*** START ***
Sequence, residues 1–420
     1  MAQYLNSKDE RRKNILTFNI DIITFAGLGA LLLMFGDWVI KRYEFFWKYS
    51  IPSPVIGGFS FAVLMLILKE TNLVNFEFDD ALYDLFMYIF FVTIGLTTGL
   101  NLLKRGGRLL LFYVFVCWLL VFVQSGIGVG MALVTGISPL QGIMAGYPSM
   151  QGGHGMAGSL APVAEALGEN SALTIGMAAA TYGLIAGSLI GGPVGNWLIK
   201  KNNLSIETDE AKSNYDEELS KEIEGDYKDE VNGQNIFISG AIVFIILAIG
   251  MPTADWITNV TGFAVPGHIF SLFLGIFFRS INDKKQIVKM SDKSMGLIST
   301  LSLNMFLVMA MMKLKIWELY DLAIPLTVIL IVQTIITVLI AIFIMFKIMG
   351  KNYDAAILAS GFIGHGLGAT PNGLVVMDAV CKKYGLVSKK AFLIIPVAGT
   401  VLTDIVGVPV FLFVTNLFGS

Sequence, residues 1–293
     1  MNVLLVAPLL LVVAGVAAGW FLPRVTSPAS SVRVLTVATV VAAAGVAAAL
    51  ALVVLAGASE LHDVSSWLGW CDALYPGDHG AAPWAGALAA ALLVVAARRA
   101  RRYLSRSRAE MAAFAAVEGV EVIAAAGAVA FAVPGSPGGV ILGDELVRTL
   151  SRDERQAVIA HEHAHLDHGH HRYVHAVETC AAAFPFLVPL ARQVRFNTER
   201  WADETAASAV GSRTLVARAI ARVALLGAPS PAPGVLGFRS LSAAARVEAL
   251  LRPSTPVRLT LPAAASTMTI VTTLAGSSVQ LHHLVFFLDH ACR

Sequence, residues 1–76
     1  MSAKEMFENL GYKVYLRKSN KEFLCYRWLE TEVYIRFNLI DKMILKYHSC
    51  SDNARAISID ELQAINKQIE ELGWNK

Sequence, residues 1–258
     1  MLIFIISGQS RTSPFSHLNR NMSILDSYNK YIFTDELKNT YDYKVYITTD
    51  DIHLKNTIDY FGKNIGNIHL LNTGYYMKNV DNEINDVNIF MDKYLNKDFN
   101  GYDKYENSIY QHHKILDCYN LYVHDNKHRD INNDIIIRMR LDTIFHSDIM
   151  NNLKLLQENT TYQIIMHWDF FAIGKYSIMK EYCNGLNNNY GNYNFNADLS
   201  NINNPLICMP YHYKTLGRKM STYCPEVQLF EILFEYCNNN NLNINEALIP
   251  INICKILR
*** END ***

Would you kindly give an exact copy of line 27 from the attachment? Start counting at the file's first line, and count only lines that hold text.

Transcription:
   251  INICKILR